...stable fixation of this should stabilise the fracture, no matter how high the fibular fracture is. A plate would be applied to the fibula if feasible.

c type fx2

If there is a fibular fracture within 4.5cm of the plafond...


c type fx orif2

...and the fibula can be fixed in stable configuration, the fracture would normally be stable

c type fx3

If the fibular fracture is >4.5cm above the plafond...


c type fx orif3

...even stable fixation of the fibula will probably not stabilise the ankle


In each case the construct should be stress-tested (see below)

There are a number of issues in translating these biomechanical studies into real life:

Therefore, it is probably best to stress test all ankle fractures after bony stabilisation. he syndesmosis should be stressed laterally, anteropos- teriorly and in external rotation – Candal-Couto (2004) suggested the main direction of instability is anteroposterior rather than laterally, and Xenos (1995) found that AP radiography correlated less well with measured rotation in cadaver legs than lateral radiography. Radiographic screening is important, although direct palpation of the syndesmosis may also be useful

Both Gardner (2006) and Vasarhelyi (2006) found that over 50% of ankle fractures with syndesmotic injuries showed some degree of malreduction on CT after apparently satisfactory ORIF. Symeonidis (2013) reported a re-operation rate of 27% for missed syndesmosis injuries, malreduction or loww of reduction in a tertiary centre. Although late reconstruction can give good results, it is better to ensure accurate reduction at primary surgery. Recent studies have explored the importance of the posterior malleolus in syndesmotic injuries. Gardner (2006) demonstrated in a cadaver model that posterior malleolar fixation resored 70% of syndesmosis stablity compared with 40% after syndesmotic screw in- sertion. Miller (2010) then demonstrated, in a small series, that open reduction and stabilisation of the syndesmosis produced equivalent clinical results to syndesmosis screw fixation. They recommended (Miller 2009a) direct visual confirmation of syndesmotic reduction and described the use of the poste- rolateral approach to achieve this (Miller 2009b). By using this method they reduced the rate of syndesmotic malreduction from 52% (Gardner 2006, Miller 2009) to 16% (Miller 2009).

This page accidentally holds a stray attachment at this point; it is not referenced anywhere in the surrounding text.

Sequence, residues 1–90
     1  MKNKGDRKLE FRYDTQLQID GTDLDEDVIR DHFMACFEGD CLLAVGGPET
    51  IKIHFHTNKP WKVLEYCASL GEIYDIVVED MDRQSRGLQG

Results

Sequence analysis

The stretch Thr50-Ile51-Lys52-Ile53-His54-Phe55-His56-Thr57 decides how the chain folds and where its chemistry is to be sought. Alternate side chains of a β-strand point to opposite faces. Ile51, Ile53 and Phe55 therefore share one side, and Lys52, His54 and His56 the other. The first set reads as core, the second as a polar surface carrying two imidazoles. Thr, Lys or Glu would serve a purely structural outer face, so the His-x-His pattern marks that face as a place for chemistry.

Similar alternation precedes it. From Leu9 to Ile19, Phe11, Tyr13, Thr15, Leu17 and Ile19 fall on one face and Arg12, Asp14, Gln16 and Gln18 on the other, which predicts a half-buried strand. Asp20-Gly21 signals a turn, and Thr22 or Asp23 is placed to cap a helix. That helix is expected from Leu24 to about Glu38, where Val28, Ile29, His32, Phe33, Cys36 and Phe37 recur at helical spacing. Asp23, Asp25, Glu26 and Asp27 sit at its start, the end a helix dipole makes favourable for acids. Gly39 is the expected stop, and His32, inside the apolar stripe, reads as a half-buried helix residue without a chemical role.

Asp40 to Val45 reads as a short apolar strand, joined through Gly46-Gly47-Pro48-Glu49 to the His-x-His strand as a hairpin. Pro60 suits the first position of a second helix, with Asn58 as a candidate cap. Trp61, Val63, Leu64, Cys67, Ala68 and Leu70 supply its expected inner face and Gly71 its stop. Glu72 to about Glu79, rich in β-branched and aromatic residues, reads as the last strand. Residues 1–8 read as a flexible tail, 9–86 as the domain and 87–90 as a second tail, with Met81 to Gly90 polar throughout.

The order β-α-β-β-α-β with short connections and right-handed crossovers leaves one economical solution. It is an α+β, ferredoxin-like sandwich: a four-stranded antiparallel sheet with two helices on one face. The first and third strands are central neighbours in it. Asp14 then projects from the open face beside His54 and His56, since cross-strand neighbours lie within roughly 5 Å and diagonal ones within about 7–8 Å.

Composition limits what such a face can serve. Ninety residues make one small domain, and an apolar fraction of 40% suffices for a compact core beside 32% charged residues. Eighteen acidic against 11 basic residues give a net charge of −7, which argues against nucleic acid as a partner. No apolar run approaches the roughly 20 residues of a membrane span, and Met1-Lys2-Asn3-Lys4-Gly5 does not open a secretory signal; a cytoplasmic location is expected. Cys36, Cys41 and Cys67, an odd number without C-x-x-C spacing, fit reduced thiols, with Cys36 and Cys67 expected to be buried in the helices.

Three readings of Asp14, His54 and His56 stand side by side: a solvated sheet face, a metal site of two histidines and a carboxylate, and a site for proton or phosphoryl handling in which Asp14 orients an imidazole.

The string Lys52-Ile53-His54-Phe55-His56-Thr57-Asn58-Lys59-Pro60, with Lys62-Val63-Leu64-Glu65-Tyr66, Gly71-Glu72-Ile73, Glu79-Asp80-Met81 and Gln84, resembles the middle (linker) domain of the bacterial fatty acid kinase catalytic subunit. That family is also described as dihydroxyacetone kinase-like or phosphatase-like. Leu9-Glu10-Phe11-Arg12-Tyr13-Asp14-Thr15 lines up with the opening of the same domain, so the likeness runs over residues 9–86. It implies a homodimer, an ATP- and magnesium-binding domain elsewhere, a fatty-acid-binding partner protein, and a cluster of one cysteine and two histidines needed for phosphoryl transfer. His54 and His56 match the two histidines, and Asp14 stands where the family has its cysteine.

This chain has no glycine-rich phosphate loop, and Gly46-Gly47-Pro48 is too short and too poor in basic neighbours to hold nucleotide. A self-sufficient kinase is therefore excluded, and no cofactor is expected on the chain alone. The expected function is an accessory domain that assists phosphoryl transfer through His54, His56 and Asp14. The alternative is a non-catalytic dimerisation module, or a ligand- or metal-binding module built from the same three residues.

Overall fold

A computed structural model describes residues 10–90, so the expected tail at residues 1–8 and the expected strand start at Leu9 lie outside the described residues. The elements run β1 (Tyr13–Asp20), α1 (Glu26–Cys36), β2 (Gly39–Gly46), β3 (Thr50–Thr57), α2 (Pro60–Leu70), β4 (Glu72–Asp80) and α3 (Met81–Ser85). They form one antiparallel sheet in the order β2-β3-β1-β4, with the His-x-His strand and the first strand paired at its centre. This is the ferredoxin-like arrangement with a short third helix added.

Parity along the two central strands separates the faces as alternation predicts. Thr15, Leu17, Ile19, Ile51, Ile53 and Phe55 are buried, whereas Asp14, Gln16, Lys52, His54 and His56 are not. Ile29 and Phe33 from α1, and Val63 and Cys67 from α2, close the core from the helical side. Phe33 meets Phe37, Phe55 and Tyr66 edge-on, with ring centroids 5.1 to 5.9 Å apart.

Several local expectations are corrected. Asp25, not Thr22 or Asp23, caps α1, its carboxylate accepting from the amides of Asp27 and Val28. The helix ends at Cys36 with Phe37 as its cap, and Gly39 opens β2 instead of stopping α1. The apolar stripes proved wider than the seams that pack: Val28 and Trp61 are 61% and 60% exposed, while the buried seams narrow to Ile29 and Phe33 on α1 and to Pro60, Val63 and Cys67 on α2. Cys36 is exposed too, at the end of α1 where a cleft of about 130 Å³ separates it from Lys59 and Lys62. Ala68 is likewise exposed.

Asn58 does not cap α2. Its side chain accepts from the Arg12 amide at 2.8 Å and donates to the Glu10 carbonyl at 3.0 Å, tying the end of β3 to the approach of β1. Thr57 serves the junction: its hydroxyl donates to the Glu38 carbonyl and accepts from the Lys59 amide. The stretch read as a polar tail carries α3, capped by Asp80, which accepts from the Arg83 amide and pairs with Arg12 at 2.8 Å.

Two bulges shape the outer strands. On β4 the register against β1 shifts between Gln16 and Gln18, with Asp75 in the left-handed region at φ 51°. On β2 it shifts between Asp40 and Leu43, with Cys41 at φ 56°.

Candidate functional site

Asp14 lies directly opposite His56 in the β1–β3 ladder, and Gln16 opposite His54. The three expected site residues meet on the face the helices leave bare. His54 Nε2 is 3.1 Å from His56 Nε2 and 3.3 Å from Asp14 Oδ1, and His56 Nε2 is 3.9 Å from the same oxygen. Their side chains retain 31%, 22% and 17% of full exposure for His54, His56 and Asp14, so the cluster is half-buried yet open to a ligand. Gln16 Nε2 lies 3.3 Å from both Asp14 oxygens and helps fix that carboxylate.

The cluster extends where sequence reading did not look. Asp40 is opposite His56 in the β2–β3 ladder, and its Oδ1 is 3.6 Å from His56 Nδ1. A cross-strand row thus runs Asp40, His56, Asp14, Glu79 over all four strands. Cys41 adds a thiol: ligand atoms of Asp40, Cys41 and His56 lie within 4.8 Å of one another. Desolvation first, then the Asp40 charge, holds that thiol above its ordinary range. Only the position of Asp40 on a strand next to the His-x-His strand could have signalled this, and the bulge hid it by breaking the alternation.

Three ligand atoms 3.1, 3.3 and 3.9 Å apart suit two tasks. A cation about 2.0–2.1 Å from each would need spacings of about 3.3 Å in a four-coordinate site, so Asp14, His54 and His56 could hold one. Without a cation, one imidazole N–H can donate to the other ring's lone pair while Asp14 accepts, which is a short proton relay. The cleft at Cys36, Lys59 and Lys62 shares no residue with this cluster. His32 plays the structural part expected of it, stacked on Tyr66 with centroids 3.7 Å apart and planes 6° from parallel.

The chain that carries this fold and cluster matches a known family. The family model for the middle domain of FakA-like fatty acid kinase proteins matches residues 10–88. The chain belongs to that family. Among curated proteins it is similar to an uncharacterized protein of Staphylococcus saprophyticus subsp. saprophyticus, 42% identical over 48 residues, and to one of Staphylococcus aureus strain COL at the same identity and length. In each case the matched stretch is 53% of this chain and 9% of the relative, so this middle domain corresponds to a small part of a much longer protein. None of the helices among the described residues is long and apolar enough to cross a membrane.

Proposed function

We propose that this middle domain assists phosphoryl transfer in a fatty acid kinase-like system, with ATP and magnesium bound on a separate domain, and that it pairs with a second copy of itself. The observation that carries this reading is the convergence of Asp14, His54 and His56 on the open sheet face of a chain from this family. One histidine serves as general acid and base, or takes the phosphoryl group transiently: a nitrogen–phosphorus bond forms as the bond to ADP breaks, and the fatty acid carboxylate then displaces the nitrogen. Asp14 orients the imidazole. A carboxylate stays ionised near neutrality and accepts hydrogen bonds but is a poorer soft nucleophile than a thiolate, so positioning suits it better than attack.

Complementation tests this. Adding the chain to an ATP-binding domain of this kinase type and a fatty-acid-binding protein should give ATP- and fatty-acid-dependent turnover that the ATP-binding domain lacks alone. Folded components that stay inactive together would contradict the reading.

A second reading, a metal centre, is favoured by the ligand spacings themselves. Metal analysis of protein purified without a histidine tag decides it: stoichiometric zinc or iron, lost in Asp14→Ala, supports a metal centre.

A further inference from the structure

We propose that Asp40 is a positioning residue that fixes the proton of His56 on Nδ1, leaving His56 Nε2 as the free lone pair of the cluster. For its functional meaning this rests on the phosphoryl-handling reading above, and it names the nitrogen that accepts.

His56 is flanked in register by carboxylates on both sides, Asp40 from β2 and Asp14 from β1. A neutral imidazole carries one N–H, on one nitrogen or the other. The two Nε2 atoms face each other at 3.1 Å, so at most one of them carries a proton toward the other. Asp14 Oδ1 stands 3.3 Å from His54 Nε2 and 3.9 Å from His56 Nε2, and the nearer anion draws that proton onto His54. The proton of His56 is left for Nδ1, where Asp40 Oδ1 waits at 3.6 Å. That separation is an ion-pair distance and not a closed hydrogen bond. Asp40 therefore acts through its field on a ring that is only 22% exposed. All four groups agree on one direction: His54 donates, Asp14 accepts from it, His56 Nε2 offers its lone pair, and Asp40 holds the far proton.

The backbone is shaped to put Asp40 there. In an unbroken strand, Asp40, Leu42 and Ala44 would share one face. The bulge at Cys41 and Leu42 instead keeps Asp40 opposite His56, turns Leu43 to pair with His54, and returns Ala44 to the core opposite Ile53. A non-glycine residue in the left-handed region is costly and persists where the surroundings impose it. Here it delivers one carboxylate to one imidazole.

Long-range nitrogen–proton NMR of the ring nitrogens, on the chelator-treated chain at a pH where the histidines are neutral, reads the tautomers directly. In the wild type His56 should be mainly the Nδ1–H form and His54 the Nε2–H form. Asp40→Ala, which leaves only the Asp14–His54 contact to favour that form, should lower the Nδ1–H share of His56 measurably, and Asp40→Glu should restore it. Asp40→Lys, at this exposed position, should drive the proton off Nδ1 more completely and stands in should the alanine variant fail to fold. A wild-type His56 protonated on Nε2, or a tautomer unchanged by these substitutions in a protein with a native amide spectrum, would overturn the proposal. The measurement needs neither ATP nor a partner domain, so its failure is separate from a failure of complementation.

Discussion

Syndesmosis stabilisation techniques

syndesmosis screw1

High fibular fracture with deltoid tear. Despite fixation of the fibula with a DCP, stress testing shows residual instability

syndesmosis screw2

A 3-cortex 3.5mm positioning screw is inserted through three cortices 2cm above the plafond